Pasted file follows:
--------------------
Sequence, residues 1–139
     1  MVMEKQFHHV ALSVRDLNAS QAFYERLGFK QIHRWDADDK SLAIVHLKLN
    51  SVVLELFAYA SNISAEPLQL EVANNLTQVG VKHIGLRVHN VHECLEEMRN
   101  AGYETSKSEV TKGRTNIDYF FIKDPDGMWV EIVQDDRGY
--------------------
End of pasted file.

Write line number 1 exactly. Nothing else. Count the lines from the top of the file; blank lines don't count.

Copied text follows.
Sequence, residues 1–139